Exercise 2.4.15. For each of the following matrices
find a left inverse and right inverse if they exist.
Answer: We begin with the 2 by 3 echelon matrix . Since has two pivots its rank . Since has two rows we also have so that has a (3 by 2) right inverse. It does not have a left inverse since .
We now attempt to find a right inverse . We must have or
Multiplying the two rows of by the first column of we must have and . One way to achieve this is to set and .
Multiplying the two rows of by the second column of we must have and . One way to achieve this is to set and . We then have
We now consider the matrix . The first and third rows of are linearly independent, and the second row of is equal to the sum of the first and third rows. The rank of is therefore . Since has two columns we also have so that has a (3 by 2) right inverse. It does not have a right inverse since .
We now attempt to find a left inverse of such that . We could proceed as we did above, but there is a shortcut: Note that so that we are looking for such that . But and we already have a matrix such that . We can therefore choose such that or :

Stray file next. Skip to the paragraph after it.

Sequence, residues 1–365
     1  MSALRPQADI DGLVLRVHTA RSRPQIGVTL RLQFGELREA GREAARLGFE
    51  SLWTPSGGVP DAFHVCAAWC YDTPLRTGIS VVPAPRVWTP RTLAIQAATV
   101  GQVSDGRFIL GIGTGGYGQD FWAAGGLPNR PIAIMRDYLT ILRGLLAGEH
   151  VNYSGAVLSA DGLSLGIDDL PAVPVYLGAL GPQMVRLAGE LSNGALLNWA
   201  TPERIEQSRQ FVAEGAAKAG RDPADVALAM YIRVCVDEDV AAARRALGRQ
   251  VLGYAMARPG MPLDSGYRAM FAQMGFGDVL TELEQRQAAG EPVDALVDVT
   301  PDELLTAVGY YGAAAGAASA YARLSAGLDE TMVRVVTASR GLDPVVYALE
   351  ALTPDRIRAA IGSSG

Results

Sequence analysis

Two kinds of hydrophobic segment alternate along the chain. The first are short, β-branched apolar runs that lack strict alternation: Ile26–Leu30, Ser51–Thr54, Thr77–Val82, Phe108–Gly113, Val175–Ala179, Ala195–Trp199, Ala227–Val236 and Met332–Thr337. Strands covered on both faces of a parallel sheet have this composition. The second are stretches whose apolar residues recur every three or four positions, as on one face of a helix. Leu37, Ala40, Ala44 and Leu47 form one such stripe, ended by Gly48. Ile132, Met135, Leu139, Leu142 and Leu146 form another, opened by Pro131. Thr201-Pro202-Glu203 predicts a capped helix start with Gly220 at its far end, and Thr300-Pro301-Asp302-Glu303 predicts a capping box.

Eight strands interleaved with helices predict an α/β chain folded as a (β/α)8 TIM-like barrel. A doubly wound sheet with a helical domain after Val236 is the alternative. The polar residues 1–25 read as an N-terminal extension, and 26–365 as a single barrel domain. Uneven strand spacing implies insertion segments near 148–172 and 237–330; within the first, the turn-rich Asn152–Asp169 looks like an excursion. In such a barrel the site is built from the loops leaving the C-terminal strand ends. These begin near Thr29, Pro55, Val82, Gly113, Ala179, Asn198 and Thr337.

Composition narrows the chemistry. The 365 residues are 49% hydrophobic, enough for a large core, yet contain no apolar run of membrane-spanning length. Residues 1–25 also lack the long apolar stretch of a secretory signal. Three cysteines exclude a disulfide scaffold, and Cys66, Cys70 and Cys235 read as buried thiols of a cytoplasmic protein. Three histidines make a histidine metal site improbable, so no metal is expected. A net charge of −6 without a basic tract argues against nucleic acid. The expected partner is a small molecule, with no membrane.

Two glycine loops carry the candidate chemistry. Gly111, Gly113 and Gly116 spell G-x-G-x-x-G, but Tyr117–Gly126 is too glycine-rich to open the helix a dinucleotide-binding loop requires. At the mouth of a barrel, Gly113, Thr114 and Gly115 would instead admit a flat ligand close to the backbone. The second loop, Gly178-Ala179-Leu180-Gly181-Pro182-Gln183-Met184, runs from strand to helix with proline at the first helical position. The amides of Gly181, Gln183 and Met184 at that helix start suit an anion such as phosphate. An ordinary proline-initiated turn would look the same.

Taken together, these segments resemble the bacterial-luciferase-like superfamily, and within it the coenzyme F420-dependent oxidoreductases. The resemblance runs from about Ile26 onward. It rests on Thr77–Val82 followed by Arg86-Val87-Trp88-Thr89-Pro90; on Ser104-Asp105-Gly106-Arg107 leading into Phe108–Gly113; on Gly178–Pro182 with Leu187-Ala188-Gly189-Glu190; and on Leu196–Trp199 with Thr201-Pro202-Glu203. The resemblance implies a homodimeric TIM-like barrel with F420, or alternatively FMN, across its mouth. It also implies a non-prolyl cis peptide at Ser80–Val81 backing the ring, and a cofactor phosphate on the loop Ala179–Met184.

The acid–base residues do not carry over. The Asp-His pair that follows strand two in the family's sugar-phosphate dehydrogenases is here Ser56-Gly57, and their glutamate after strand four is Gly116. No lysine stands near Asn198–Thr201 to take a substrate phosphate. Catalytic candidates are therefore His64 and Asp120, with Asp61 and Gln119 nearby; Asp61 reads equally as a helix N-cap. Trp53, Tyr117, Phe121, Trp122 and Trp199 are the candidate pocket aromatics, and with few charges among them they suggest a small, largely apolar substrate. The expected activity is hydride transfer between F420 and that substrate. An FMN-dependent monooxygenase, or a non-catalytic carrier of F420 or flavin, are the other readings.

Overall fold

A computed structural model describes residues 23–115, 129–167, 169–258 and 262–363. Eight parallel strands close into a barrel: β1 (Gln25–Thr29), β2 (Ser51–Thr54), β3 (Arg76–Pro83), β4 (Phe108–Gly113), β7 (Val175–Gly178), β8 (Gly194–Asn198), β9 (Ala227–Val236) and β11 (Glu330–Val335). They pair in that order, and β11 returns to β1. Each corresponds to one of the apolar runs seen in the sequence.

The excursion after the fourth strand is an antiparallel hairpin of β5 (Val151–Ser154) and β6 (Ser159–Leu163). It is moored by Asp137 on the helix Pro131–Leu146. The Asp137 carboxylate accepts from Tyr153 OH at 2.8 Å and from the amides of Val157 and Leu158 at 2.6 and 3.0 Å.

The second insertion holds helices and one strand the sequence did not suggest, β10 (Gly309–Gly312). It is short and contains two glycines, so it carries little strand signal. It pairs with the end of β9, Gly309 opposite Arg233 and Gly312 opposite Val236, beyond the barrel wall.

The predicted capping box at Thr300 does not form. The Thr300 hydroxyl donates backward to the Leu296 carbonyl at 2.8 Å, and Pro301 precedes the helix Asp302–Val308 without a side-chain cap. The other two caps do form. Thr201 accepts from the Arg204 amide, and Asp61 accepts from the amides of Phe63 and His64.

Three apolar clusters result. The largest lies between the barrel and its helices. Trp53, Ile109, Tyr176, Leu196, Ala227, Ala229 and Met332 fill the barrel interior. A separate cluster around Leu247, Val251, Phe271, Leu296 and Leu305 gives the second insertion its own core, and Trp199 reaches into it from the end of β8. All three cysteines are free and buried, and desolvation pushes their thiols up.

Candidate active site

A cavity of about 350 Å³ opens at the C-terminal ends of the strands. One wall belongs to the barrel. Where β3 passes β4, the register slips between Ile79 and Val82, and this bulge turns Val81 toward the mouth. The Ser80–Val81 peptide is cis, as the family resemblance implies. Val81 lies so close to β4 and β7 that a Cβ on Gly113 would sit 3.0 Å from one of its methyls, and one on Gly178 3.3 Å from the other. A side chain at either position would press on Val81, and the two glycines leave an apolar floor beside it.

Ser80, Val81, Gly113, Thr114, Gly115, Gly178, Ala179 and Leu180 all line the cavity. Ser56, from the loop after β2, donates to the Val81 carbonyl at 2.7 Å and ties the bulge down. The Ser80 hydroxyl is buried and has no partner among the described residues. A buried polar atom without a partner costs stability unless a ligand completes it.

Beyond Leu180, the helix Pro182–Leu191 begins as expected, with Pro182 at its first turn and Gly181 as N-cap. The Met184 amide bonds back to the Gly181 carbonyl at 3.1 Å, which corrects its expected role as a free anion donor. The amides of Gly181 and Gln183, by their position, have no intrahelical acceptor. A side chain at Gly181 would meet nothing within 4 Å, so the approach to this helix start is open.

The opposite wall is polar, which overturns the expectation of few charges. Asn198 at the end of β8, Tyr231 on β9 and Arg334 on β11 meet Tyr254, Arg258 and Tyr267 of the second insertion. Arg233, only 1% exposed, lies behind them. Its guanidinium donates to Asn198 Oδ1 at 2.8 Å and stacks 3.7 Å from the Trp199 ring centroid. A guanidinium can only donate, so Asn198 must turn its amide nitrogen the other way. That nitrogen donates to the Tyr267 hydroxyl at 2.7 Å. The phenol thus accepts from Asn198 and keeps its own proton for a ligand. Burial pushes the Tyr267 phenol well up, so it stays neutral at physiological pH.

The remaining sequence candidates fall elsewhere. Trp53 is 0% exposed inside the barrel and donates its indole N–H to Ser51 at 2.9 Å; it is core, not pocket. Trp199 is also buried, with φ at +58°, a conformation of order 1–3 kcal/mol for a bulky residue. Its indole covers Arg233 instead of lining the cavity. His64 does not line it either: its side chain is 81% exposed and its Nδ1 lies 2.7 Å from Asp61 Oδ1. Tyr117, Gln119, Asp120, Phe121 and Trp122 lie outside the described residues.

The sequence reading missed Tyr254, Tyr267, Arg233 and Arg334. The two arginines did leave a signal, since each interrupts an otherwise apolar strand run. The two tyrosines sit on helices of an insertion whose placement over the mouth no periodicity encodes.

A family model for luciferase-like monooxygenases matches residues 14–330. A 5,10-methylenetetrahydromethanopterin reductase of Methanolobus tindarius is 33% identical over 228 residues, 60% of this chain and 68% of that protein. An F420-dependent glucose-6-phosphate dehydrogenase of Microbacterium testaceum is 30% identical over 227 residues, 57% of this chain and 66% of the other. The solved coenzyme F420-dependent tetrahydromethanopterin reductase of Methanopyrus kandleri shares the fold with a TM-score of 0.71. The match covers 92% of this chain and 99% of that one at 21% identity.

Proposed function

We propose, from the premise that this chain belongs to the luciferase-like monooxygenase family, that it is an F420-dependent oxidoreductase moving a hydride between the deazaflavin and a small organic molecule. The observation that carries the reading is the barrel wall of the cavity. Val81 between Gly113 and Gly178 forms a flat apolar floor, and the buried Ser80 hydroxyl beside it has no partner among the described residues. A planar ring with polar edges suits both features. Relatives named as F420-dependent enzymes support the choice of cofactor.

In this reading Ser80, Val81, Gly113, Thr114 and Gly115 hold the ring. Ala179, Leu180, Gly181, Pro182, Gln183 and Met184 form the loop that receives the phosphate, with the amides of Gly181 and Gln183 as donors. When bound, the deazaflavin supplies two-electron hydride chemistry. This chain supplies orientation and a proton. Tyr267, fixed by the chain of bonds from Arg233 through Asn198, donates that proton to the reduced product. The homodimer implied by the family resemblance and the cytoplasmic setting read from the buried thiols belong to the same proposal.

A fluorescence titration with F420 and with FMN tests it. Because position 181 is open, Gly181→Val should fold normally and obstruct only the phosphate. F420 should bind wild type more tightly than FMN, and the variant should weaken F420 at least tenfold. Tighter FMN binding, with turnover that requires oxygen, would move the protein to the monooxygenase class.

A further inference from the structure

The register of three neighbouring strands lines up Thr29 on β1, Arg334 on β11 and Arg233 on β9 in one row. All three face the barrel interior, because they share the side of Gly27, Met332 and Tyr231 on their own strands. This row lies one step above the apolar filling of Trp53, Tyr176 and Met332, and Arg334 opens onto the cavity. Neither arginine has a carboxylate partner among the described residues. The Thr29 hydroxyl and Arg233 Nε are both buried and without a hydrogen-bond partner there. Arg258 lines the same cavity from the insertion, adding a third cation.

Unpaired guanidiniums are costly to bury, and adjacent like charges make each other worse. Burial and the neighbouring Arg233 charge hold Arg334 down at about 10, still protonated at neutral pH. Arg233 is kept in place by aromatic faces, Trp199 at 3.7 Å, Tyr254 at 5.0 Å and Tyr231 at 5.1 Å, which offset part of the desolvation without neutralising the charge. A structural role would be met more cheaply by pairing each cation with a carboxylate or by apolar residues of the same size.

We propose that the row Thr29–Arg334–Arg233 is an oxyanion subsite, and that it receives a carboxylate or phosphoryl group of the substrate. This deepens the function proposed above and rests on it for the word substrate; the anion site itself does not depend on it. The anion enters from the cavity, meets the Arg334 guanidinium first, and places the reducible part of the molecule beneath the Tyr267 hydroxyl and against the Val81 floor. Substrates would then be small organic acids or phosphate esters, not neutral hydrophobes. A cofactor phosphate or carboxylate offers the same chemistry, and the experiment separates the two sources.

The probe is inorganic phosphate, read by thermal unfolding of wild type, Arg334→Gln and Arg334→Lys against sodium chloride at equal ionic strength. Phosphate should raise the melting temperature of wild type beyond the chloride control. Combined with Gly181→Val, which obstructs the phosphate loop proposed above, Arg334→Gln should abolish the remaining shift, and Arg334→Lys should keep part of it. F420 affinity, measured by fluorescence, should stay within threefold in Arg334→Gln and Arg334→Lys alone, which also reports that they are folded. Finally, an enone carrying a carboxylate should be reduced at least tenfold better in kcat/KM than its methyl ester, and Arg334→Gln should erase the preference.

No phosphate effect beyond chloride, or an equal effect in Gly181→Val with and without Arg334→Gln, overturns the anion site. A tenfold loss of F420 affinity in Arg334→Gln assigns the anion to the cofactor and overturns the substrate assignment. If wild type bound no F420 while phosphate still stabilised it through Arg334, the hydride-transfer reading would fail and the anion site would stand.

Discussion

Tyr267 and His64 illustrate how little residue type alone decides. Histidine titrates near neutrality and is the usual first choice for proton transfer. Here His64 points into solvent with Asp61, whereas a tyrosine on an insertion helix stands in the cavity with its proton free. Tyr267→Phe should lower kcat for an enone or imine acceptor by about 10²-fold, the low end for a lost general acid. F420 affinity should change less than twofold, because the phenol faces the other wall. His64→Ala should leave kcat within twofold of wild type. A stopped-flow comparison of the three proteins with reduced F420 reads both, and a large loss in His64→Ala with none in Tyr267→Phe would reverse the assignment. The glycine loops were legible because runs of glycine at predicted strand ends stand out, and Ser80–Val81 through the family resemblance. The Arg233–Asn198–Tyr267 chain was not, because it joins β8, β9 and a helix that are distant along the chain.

We then have
so that is a left inverse of .
Finally we consider the 2 by 2 triangular matrix . If then has two pivots and rank . In this case since both a left inverse and right inverse exist and are the same: is invertible with .
From the standard formula for the inverse of a 2 by 2 matrix (see page 42) we have
NOTE: This continues a series of posts containing worked out exercises from the (out of print) book Linear Algebra and Its Applications, Third Edition by Gilbert Strang.
If you find these posts useful I encourage you to also check out the more current Linear Algebra and Its Applications, Fourth Edition, Dr Strang’s introductory textbook Introduction to Linear Algebra, Fourth Edition and the accompanying free online course, and Dr Strang’s other books.